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marley Marley is a sweet Shibu-Inu who presented to us with a history of 3 weeks of intermittent diarrhea and vomiting.  His owner reported that he had gotten out of the house a few weeks ago for about 24 hours and when he returned he was vomiting and had diarrhea. 

Marley was seen by another veterinarian 2 times over 3 weeks prior to our seeing him. Blood tests were performed each time he was seen and all were normal. 

Radiographs (x-rays) were taken twice and were reported as normal to the owner.  Marley was lethargic during this time, but could get excited to go on a walk. He was eating very little and the owner was concerned and brought him to us for a second opinion. 

On presentation, Marley was alert but somewhat subdued.  On physical exam the only abnormality that was noted was watery diarrhea in the colon. 

Based on the history of vomiting, diarrhea, inappetence and lethargy with recently normal blood tests, our suspicions were raised for the possibility of a foreign body partial or full obstruction of the intestines.  

We reviewed the radiographs taken at the other veterinary hospital and there was an area in the colon that looked suspicious.  Therefore we opted to use ultrasound imaging to investigate the intestines in more depth.  X-rays are good to see the overall shape of organs in the abdomen, and they are great for seeing certain types of foreign bodies such as metal, bone and stone.  Ultrasound allows us to look inside the organs and measure the thickness of the walls of the intestines which can tell us if the intestines are swollen or inflamed.  In addition, we can frequently find foreign material that is not opaque to x-rays. 

The ultrasound revealed and interesting anomaly called an intussuception.  This anomaly occurs when one loop of intestine slips into another loop of intestine, much in the way that you can make a tube sock invert on itself.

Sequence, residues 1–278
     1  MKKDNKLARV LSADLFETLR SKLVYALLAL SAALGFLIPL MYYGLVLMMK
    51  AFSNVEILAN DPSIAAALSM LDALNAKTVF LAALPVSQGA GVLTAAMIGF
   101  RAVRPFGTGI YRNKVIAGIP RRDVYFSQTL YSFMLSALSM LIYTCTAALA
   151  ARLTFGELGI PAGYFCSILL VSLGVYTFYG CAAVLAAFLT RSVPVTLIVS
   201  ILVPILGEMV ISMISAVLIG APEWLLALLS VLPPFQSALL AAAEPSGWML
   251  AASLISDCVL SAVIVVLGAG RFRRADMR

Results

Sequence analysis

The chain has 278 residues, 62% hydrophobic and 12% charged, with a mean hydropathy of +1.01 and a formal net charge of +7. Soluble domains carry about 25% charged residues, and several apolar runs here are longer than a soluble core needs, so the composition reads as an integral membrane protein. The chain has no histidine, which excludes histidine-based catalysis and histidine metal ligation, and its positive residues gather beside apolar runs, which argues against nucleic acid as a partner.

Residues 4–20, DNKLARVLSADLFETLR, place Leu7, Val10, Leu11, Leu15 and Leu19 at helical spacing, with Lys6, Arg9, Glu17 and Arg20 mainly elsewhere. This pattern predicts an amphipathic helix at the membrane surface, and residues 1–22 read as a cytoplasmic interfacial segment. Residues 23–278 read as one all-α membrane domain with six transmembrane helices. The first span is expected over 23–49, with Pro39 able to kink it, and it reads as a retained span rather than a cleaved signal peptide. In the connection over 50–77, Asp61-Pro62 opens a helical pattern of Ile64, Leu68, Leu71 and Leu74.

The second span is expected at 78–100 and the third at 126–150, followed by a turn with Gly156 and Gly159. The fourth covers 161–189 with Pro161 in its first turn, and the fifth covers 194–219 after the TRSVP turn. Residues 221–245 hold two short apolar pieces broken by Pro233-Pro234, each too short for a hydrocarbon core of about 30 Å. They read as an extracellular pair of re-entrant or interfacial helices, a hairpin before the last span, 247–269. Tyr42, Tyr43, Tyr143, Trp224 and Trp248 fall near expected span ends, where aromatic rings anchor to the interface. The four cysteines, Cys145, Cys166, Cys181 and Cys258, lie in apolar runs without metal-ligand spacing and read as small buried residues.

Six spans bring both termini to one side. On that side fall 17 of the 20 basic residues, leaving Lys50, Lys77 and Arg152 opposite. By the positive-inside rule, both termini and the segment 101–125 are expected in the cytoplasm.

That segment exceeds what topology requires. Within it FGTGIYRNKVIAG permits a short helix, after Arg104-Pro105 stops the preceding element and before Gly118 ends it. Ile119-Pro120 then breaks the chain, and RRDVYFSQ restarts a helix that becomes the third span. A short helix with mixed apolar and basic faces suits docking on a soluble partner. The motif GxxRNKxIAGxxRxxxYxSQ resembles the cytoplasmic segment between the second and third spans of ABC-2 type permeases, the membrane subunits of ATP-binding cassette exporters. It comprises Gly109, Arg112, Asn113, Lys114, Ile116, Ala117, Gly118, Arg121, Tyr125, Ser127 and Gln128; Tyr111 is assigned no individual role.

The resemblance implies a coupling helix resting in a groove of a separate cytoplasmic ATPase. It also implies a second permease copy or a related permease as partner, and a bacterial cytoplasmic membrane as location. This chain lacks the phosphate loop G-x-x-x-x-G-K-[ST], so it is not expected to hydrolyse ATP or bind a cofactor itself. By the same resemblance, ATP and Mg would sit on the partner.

intussusception_transverse intussusception_ultrasound_saggital

Cross section of intussusception on ultrasound

Notice the multiple layers representing each layer of each intestinal loop.

Longitudinal section of intussusception on ultrasound,

Notice the similarity it has of a tube sock pushed in on itself.

Here is a schematic picture to help you visualize:

intussusception_graphic

Intussusceptions occur when the normal peristaltic motion of the intestine goes awry.  Usually all the intestines are slowly contracting in sequence to move food from the stomach towards the rectum.  When a pet starts to vomit, the peristalsis is reversed, bringing food up towards the mouth.  When a part of the intestine moving towards the mouth meets another section moving away from the mouth, the intussusception can occur.

When the first loop of bowel enters the second, the blood supply to the first section gets choked off and that section of intestine starts to die. This can be very painful to the dog.  The body tries to clear the blockage by moving the intestines faster, which leads to diarrhea.

This problem has to be addressed by surgery.  After discussing the problem with the owner, we took Marly to surgery.  The intussusception was found at the junction of the ileum and the colon.  The ileum was stuck inside the colon and it was very difficult to bring it out into the normal position.  When we finally got it out, the tissue was already partially necrotic (dying). As such, we had no alternative but to cut out the damaged part of intestine and reconnect (anastamose) the intestine to the colon. 

After the resection/anasatamosis was completed, we preformed a procedure called plication where we attach the intestines to each other in an accordion pattern which helps to prevent future insussusceptions. 

intussusception_intraop intussusception_resected
Intussusception before reduction  resected intestine from intussusception

Marley felt much better by the morning after surgery and began eating.  We discharged him a few days later on bland food, antibiotics and pain medication.  At suture removal, he was doing great.  With the missing bowel, he may have intermittent issues with diarrhea as he grows up, but in general, his prognosis is very good.

We were lucky to have done surgery on Marley before the intestine opened up and contaminated the belly.  If a pet is having chronic diarrhea and/or vomiting, it is always useful to use all of the imaging modalities available to us to try to identify the underlying cause as early as possible.